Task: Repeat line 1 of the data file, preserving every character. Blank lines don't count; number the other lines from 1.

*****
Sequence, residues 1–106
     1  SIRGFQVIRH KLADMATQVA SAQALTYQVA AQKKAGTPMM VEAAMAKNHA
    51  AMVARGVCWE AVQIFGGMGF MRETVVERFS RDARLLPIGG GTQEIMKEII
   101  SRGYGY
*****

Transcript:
Sequence, residues 1–106